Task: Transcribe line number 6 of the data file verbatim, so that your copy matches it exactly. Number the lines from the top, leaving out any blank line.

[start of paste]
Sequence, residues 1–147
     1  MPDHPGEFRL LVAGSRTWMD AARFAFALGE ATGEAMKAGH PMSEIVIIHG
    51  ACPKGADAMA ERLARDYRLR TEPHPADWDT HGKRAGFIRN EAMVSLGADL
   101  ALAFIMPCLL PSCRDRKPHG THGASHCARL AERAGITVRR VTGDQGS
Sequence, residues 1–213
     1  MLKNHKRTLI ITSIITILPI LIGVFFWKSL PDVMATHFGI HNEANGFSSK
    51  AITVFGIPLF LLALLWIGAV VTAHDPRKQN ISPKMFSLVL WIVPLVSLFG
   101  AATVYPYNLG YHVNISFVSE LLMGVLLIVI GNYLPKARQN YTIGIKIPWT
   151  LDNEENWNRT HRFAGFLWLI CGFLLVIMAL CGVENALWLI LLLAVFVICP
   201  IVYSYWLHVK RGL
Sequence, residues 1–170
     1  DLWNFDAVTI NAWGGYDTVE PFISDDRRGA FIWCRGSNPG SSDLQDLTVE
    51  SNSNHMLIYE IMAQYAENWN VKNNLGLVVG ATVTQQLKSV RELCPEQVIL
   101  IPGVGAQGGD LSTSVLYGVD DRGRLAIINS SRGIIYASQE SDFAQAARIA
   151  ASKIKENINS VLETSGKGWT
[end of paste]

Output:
     1  MLKNHKRTLI ITSIITILPI LIGVFFWKSL PDVMATHFGI HNEANGFSSK